Mitochondria of Acanthamoeba castellanii possess a cyanide-resistant GMP-stimulated ubiquinol alternative oxidase in addition to the cytochrome pathway. In a previous work it has been observed that an interaction between the two ubiquinol-oxidizing pathways exists in intact A. castellanii mitochondria and that this interaction may be due to a high sensitivity of the alternative oxidase to matrix pH. In this study we have shown that the alternative oxidase activity reveals a pH-dependence with a pH optimum at 6.8 whatever the reducing substrate may be. The GMP stimulation of alternative oxidase is also strongly dependent on pH implicating probably protonation/deprotonation processes at the level of ligand and protein with an optimum pH at 6.8. The ubiquinone redox state-dependence of alternative oxidase activity is modified by pH in such a way that the highest activity for a given ubiquinone redox state is observed at pH 6.8. Thus pH, binding of GMP, and redox state of ubiquinone collaborate to set the activity of the GMP-stimulated alternative oxidase in isolated A. castellanii mitochondria. The high pH sensitivity of the alternative oxidase could link inactivation of the cytochrome pathway proton pumps to activation of the alternative oxidase with acceleration of redox free energy dissipation as a consequence. [less ▲]

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See detailThe energy-conserving and energy-dissipating processes in mitochondria isolated from wild type and nonripening tomato fruits during development on the plant.
Almeida, A.; Navet, R.; Jarmuszkiewicz, W. et al

in Journal of Bioenergetics & Biomembranes (2002), 34(6), 487-498

Bioenergetics of tomato (Lycopersicon esculentum) development on the plant was followed from the early growing stage to senescence in wild type (climacteric) and nonripening mutant (nor, non-climacteric ... [more ▼]

Bioenergetics of tomato (Lycopersicon esculentum) development on the plant was followed from the early growing stage to senescence in wild type (climacteric) and nonripening mutant (nor, non-climacteric) fruits. Fruit development was expressed in terms of evolution of chlorophyll a content allowing the assessment of a continuous time-course in both cultivars. Measured parameters: the cytochrome pathway-dependent respiration, i.e., the ATP synthesis-sustained respiration (energy-conserving), the uncoupling protein (UCP) activity-sustained respiration (energy-dissipating), the alternative oxidase(AOX)-mediated respiration (energy-dissipating), as well as the protein expression of UCP and AOX, and free fatty acid content exhibited different evolution patterns in the wild type and nor mutant that can be attributed to their climacteric/nonclimacteric properties, respectively. In the wild type, the climacteric respiratory burst observed in vitro depended totally on an increse in the cytochrome pathway activity sustained by ATP synthesis, while the second respiratory rise during the ripening stage was linked to a strong increase in AOX activity accompanied by an overexpression of AOX protein. In wild type mitochondria, the 10-microM linoleic acid-stimulated UCP-activity-dependent respiration remained constant during the whole fruit development except in senescence where general respiratory decay was observed. [less ▲]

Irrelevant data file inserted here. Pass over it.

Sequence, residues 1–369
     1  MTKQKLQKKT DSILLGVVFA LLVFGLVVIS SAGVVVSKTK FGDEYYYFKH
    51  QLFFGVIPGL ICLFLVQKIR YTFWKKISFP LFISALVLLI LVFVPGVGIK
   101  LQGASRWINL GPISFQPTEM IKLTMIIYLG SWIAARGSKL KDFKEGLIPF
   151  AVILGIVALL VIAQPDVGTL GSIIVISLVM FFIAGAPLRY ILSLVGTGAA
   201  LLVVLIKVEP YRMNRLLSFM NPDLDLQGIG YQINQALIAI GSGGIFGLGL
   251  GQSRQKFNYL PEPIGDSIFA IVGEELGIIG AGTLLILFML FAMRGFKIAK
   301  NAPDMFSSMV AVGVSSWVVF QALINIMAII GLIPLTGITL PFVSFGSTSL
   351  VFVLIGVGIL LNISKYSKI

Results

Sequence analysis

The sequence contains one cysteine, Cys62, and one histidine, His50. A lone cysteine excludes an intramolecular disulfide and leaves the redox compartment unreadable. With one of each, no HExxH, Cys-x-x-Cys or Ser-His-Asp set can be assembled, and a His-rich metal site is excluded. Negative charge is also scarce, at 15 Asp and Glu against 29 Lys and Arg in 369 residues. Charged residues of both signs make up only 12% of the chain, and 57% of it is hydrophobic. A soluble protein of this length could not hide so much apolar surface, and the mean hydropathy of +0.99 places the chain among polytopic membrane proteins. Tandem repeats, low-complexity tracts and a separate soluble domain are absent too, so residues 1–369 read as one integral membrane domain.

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See detailKinetics of light emission and oxygen consumption by bioluminescent bacteria.
Bourgeois, J. J.; Sluse, Francis ULg; Baguet, F. et al

in Journal of Bioenergetics & Biomembranes (2001), 33

Oxygen plays a key role in bacterial bioluminescence. The simultaneous and continuous kinetics of oxygen consumption and light emission during a complete exhaustion of the exogenous oxygen present in a ... [more ▼]